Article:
'Less than half of Londoners believe the Met police are doing a good job'
Anne Clarke AM, Barnet and Camden
- Credit: PA
I’d like to congratulate Sir Mark Rowley, who was named as the new Met Police commissioner. I am delighted that this appointment has been made sooner than expected given the urgency of the challenges ahead for policing in London.
From his first day on the job, he must hit the ground running to turn around the very serious situation the Metropolitan Police is facing.
The police watchdog, HMICFRS, has found stark failings when it comes to the Met’s day-to-day operational performance. The Met is not the only police force in these special measures – it joins six others across the country.
One of the factors impacting Met, and nationwide police performance, is chronic underfunding by the government. In 12 years, the Met Police has lost around £1 billion due to the devastating impact of austerity which saw officer numbers falling below 30,000 in London. While serving officers were recently given a pay rise way below inflation.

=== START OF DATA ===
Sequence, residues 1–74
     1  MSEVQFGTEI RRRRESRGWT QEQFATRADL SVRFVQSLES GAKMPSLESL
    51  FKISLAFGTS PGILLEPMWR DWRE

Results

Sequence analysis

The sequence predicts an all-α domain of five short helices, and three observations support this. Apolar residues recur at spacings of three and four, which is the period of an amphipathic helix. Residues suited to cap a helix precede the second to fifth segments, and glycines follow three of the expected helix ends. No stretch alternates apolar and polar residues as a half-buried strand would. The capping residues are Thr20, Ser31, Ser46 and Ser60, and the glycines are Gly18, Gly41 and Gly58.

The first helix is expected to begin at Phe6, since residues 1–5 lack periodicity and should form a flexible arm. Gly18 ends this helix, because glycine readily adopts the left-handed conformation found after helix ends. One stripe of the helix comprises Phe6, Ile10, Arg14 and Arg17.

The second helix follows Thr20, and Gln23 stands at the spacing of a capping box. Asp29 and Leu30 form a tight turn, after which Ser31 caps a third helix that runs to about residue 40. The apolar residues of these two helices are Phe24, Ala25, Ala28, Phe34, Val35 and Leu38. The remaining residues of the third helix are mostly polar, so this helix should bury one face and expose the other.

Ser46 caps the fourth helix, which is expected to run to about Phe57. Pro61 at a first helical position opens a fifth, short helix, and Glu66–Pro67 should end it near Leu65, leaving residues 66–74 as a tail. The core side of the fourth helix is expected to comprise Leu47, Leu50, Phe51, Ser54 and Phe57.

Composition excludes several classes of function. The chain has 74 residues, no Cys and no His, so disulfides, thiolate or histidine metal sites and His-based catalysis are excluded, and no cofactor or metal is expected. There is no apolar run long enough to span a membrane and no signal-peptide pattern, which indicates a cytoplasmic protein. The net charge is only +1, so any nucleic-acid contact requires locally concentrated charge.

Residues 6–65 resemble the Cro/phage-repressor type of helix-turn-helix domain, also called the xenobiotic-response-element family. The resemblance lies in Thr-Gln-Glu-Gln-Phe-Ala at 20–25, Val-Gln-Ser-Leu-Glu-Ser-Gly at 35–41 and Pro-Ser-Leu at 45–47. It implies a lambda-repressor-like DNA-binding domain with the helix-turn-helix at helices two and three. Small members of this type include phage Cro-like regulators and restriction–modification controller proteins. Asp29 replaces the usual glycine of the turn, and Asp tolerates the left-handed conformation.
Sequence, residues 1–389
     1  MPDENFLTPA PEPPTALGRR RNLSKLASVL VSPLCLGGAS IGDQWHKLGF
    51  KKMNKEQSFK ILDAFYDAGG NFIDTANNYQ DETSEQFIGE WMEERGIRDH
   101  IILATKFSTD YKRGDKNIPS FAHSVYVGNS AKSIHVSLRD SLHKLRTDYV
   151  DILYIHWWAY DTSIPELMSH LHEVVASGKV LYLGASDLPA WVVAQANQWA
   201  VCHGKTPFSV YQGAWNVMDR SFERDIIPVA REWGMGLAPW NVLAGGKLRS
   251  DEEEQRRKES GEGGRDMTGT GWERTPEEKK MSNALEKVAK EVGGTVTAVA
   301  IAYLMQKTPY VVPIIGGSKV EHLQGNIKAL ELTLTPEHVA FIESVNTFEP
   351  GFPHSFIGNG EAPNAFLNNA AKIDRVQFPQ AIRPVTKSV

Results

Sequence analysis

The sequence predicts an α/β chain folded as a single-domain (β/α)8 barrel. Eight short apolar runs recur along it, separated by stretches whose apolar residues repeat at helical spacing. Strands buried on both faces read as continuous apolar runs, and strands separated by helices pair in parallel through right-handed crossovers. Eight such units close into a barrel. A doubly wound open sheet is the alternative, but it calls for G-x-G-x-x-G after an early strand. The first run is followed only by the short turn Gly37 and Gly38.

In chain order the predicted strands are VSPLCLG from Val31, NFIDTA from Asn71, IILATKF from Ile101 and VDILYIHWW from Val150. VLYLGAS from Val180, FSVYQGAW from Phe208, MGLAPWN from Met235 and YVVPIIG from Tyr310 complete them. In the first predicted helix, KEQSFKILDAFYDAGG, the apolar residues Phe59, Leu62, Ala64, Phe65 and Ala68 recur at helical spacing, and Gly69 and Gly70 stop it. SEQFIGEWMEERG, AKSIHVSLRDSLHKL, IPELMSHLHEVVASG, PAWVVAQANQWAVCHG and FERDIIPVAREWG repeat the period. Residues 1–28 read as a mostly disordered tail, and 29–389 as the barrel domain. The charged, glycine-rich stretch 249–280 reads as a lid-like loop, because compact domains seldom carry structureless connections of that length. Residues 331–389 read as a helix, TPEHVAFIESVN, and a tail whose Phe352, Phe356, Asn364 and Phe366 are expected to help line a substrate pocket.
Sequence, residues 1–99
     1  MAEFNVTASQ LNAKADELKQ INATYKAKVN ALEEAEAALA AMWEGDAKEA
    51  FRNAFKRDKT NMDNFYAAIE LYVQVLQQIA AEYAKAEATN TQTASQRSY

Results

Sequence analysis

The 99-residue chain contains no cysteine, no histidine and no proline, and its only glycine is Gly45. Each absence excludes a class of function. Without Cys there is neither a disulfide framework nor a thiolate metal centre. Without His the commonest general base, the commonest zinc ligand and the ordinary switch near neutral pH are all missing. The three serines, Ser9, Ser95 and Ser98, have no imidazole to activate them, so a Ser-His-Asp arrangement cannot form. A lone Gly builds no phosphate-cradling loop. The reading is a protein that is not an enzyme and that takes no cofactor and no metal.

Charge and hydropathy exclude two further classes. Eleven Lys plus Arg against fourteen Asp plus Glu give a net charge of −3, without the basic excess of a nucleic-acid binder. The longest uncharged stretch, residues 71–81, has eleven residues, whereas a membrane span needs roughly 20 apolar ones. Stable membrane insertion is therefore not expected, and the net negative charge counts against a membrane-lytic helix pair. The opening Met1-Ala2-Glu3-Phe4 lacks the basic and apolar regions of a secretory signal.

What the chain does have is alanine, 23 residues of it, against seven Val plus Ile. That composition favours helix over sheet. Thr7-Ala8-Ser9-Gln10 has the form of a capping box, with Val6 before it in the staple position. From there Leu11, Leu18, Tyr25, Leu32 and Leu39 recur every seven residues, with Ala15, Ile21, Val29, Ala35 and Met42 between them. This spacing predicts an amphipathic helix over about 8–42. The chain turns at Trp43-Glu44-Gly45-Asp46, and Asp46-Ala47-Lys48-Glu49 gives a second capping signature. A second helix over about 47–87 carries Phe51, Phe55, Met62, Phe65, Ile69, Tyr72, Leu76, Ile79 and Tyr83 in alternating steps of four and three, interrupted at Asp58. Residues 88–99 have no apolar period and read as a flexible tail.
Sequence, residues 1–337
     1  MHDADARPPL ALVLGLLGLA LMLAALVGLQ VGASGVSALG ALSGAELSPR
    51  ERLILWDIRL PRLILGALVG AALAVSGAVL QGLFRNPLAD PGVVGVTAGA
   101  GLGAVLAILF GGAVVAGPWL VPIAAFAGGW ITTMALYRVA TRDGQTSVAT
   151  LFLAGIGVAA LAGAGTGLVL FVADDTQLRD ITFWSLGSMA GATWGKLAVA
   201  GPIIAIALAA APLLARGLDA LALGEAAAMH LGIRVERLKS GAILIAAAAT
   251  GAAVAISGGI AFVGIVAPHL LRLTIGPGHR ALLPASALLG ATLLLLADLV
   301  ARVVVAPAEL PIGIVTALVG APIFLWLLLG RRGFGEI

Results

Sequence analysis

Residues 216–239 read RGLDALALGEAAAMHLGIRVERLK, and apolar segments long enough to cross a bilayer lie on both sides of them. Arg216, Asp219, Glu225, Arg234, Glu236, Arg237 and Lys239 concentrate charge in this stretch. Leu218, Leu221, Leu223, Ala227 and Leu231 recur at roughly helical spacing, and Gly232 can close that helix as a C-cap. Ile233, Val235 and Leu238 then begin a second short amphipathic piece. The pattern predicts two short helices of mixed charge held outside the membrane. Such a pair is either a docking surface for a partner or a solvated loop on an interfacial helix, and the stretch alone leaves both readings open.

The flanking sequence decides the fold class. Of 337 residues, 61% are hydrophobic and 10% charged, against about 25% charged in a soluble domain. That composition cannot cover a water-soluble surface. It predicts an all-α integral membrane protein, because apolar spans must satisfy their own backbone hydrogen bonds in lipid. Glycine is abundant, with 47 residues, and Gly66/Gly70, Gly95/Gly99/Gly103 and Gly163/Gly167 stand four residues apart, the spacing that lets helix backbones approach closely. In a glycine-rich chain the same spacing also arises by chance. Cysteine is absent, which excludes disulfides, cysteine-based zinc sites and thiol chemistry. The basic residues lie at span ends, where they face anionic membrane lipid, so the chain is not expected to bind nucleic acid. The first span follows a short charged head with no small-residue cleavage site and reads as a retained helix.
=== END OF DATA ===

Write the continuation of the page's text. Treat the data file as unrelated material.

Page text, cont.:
The mayor has called for 6,000 new officers to bring police numbers per head of the population like they were in 2010. So far, the government has only funded the recruitment of just over 4,500. There’s no pretending that hasn’t had an effect. I will continue to support calls for the government to properly fund the police and pay officers what they deserve.
The extra scrutiny of the Met comes after the toxic culture in some parts of the Met’s ranks were exposed in a series of scandals, such as the murder of Sarah Everard along with the appalling handling of the murders of Bibaa and Nicole, child strip-searches and the damning report into Charing Cross Police Station after WhatsApp messages shared between officers came to light.
A recent survey shows that less than half of Londoners believe the police are doing a good job. So, the Met not only has to regain the confidence of Londoners but do a lot more to ensure they get the basics right.
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This is not just a job for the commissioner, but for all levels of leadership in the force’s rank and file. Decisive and robust leadership from the very top must set the direction of travel the force will take.
At City Hall, I, and other Labour Assembly members, will be holding the new commissioner to account and scrutinising his progress in rebuilding Londoners trust in the force, from day one.
Anne Clarke (Lab) is London Assembly member for Barnet and Camden, and a Barnet councillor for Cricklewood.